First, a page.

Patients with multiple myeloma are at a higher risk of facing financial burdens due to treatment costs; however, financial support services may be accessed at random, according to Dr. Mia Djulbegovic.
These financial burdens, referred to as financial toxicity, describe harmful effects caused by higher costs of treatment, which ultimately affect a person’s quality of life, a study from JAMA Network defined.
Results from a trial, designed to evaluate the outcomes of a financial navigation program, were presented by Djulbegovic at the 2023 American Society of Hematology Annual Meeting.
“On one hand, (patients with multiple myeloma are) living longer, despite having an incurable disease. But on the other hand, this means requiring lifelong and often expensive medical treatments,” Djulbegovic, division of hematology-oncology, University of Pennsylvania, Perelman School of Medicine, Philadelphia, said during a presentation of the results.
“Therefore, there remains a critical need to develop and evaluate pathways that not only identify patients who are at risk of financial toxicity but also connect them to the interventions that can reduce this burden.”
The investigators recruited adult patients with multiple myeloma who underwent systemic treatment at the University of Pennsylvania during their follow-up appointments.
In total, 193 patients consented to take the Comprehensive Score for Financial Toxicity (COST) survey — an 11-item, validated measure of financial toxicity risk. The scores ranged from 0 to 44. Patients also completed a baseline survey to assess socioeconomic and demographic factors, cost-coping behaviors, quality of life and satisfaction. After 4 months, they completed a similar final survey.
Patients at risk for financial toxicity (COST score, <26) were evenly randomized to receive financial intervention or usual care.
In total, 53 patients comprised both arms, with 41 included in the intervention analysis and 42 in the usual care group.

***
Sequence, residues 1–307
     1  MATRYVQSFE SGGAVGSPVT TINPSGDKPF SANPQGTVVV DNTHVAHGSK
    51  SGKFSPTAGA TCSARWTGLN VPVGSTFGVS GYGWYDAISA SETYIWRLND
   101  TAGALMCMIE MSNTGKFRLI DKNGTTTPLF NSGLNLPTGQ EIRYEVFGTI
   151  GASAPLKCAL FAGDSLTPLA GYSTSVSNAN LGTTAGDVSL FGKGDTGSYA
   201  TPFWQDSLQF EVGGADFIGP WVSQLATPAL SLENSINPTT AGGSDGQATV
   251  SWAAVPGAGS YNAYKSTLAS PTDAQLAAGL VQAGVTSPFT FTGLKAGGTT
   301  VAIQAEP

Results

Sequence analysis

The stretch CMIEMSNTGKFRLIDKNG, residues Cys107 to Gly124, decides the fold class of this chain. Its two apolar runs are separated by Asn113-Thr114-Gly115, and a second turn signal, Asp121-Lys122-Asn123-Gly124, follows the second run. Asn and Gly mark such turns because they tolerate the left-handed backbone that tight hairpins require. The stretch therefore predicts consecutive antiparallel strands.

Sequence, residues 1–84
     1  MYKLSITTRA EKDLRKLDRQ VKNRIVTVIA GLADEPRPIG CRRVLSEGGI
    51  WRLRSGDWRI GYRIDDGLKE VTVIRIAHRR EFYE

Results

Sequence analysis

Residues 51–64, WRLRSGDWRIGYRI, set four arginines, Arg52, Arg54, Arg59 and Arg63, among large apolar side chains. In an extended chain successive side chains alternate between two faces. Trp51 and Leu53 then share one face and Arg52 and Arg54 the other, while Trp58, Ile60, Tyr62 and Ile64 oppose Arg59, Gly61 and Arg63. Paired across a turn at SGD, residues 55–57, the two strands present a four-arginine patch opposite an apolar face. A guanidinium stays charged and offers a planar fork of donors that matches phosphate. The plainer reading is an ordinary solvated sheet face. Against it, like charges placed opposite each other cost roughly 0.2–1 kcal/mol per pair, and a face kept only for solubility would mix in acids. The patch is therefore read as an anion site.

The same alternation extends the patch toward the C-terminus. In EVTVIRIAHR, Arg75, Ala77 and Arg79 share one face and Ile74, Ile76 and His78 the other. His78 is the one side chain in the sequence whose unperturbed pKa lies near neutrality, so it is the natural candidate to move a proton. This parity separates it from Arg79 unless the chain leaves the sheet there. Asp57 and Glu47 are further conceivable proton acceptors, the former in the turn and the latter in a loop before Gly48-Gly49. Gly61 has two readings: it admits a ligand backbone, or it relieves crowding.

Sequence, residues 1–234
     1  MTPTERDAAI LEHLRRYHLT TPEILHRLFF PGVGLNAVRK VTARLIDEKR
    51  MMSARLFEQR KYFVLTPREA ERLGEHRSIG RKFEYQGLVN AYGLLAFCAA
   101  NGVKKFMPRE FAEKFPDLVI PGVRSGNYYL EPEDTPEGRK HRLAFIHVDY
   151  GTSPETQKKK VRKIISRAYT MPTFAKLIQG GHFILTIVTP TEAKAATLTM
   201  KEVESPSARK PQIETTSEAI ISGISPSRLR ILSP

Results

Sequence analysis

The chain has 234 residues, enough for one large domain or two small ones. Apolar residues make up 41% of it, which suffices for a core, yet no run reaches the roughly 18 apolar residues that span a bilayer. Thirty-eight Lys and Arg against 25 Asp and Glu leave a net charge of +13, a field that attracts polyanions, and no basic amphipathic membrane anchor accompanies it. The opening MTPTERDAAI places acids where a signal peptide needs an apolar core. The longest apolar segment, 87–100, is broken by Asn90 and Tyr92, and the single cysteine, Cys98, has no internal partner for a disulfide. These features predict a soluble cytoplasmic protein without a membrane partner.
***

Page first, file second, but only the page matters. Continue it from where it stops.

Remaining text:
The mean age was 64.8 years, while most patients were female (53%) and 39% were non-White. Further, most patients in the entire cohort finished college (49%), made less than $60,000 (46%) and were insured with Medicare (58%). Lastly, 64% claimed to have used prior financial support services.
The financial navigation program aimed to proactively identify patients at risk of financial toxicity, comprehensively assess their needs, methodically connect them to resources and follow them to ensure their needs were being met.
As part of the program, nurse navigators assessed financial and transportation barriers to care by telephone. They then performed proactive outreach to financial advocates and social workers, while coordinating resources for the patients. This was then followed by monthly follow-up calls with the patients.
The primary outcome of the study was a change in COST score, while secondary outcomes included cost-coping behaviors, quality of life as measured by the Functional Assessment of Cancer Therapy (FACT-G) and satisfaction as measured by the Patient Satisfaction Questionnaire Short Form (PSQ-18).
After a median follow-up of 4.9 months, 95% of patients participated in the financial navigation program and 68% completed three or more follow-up calls. In the usual care group, 17% had received financial support services.
Djulbegovic noted that the financial navigation program improved patients’ understanding of financial support services and reduced stress. “We also found in this study that financial support services focus mostly on medical bills and include a limited evaluation of outpatient drug costs. So, this remains an unmet need,” she added.
When looking at patient-reported outcomes, the impact on patients applying for financial assistance was statistically significant with the financial navigation program, versus usual care (23% versus 12%).
“We found that a proactive and coordinated financial navigation program, while resource intensive, is efficient and scalable. It demonstrates high retention and leads to an increase in financial assistance applications,” Djulbegovic said.
She acknowledged that the study was limited by its participants, who were English-speaking and literate only, and all insured. Further, it was limited because it was survey- and telephone-based, and there were no objective data.
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